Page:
Review: In This House Everything Is You by Salvage Vanguard Theater
by Michael Meigs

Bryants, Hickey, Williams, Mishler (photo: SVT)No, despite the enigmatic lines of the teaser, this is not a ghost story. It is collaborative imagination of memories tied to the faded upright eloquence of that two-story bed and breakfast residence in lower East Austin now known as the Eponymous Garden.

"Eponymous" because the Garden takes its name from the street, Garden Street, and perhaps -- it would seem appropriate -- from that neighborhood in Austin. It's just east of I-35 and a couple of blocks south of César Chávez Street. To find it, you drive east on Chávez and after you cross under the Interstate, at the next traffic light take a right onto Waller Street. The neighborhood has lots of small clapboard houses, of the sort that would have been homes for tradesmen and artisans back in the 'teens of the previous century. 

The garden is not very much in evidence in January, but the pictures on the website suggest that the house is engulfed in blossom once better weather arrives. In its weathered pink-and-white elegance, 1202 Garden Street carries a strong flavor of earlier prosperity.

In This House is a collaborative work for which fourteen artists are credited in the single photocopied page of the playbill. Jenny Larson of the Salvage Vanguard and Dustin Wills directed. Others are writers, writer/actors, and actors, both grown ones and child actors. 

The residence itself must have suggested the scenes. One imagines company members curled up on sofas under the high ceilings of the front room with its baby grand piano, drinking coffee at the kitchen table, or roaming around the back yard as they wrote, discussed and rehearsed the vignettes. There is a time-line, from about 1905 to the mid 1930's, but it's a tangle, just as memories are a tangle. Successive scenes do not succeed one another chronologically. At some moments, with a shift in posture, voice and expression, actors shift forward or backward by twenty-five or thirty years.

Jude Hickey and Adriene Mishler are brother and sister. They race about with abandon as very young children, teasing one another and scaring one another with tales about the portrait in the hall of an austere young woman. They imagine her to have demon eyes. The shed visible at the back of the lot in the evening air is a hiding place, a utility structure or a ghost house. Sometimes it's not there at all. A silent young woman dressed in black patiently follows the audience and the proceedings, never speaking except in the children's imagination in that dark shed.

Hickey is a happy, confident actor in this persona doubled in time. As a boy he bounces about, laughs and swaggers as he did while captivating primary schoolers in DA! theatre company's Heron and Crane. Mishler, slim and intense, matches him in youth as his combative younger sister and outdoes him in young middle age when she sorts through snapshots, old clothes and memories. Cyndi Williams is warmly convincing as their mother, sometimes young and living, now older, sometimes vanished but still present as a lively, talking memory.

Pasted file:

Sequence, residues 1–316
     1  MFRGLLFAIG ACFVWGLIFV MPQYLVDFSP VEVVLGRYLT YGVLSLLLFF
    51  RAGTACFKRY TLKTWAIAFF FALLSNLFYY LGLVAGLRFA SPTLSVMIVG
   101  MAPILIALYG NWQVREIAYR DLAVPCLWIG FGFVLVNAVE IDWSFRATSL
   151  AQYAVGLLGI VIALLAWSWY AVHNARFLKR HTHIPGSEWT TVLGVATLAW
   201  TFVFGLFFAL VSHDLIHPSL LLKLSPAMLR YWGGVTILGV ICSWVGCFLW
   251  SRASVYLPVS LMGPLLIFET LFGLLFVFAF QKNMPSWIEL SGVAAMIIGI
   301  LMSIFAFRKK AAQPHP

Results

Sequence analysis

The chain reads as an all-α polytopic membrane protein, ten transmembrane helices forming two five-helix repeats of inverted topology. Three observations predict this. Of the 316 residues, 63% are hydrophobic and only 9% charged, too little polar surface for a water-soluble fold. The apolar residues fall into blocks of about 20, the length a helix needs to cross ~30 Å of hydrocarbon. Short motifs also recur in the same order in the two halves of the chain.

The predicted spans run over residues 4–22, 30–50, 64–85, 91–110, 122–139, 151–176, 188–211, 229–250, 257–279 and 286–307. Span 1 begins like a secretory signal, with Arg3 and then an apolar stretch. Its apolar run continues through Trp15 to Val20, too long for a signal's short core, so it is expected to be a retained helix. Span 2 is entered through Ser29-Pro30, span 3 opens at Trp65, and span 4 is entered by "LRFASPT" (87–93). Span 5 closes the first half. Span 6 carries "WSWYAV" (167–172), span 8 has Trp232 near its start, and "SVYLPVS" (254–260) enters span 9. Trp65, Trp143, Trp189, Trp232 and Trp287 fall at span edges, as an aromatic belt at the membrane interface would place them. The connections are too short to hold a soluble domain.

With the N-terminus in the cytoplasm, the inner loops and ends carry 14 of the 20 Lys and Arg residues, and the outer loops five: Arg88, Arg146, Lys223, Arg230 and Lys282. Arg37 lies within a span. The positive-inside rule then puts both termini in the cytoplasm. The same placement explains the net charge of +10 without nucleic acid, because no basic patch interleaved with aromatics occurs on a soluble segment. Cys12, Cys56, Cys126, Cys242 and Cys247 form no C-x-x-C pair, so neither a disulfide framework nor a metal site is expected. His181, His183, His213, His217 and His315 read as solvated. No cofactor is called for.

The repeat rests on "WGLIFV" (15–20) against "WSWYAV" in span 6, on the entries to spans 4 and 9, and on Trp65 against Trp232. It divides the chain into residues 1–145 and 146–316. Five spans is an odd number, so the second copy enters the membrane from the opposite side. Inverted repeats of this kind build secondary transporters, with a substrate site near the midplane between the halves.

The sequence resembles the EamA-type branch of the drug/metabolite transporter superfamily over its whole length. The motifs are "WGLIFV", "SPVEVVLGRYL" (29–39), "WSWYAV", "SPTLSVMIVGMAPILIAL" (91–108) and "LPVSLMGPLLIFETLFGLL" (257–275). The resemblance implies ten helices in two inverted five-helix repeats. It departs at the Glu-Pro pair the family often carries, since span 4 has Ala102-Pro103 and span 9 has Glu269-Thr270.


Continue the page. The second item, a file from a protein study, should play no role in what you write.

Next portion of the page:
The cast is rounded out by Florinda Bryant, woman friend to the sister and, later, wife to the brother, apprehensive about the future and about unseen apparitions beyond the windows. Young Wesley Bryant is a solemn addition to the company, entirely believable when he appropriates his father's scrambled eggs and a touching foil to Hickey in a scene on the back porch, viewed by spectators through the screen doors.


The Eponymous Garden


It's a short piece and it's moving. Writers and actors are exploring moments of family intimacy and familiarity. The daughter gives her mom a foot massage, with teasing confidence -- perhaps in memory, perhaps in fictional real time, we cannot tell. On the back porch, Mom recalls the puppy they had when Hickey was only three, as well as the time the river flooded, and she can't seem to see the shed. Hickey flickers between his two, perhaps even three incarnations.

Gradually we understand that these scenes in different locations and times are somewhat like the jumble of loose snapshots on the living room carpet, sufficient in themselves in a context that we can only intuit. As in any family history. Jamie Rhodes as the silent woman specter is a puzzle, but so are the two small children clad in black (Louie Rhodes and Renna Larson) who like to loll under the piano or silently follow the spectators around the house. However dissassociated, words and scenes are elements of a single story. 


(photo: SVT)

There's no fourth wall here. In fact, we as spectators drift in the wake of these events, listening and observing very much as if we ourselves were the invisible ghosts of the Eponymous Garden. We can't understand, but we can intuit and empathize. At the final scene -- the one that provides the poignant tag line "In this house, everything is you" -- Mishler as the quietly grieving young woman rises and leaves us. We wait and listen and reflect on the shadows we have seen until, eventually, the lights in the other rooms go out one by one. Then Jenny Larson comes to recall us to ourselves and to our own time.


ALT's "alt"review for the, January 25


[Additional credits and clarifications: Daniel Alexander, Sharon Bridgforth, Cyndi Williams, Monika Bustamante, and Dustin Wills wrote scripts and the actors also devised scripted scenes during the 8 day rehearsal process.  Pamela Friday did costumes.]


Click to view the broadsheet program for In This House (Everything Is You)

In This House (Everything Is You)
Salvage Vanguard Theater

January 21 - January 24, 2010
Eponymous Garden
1202 Garden Street
Austin, TX, 78702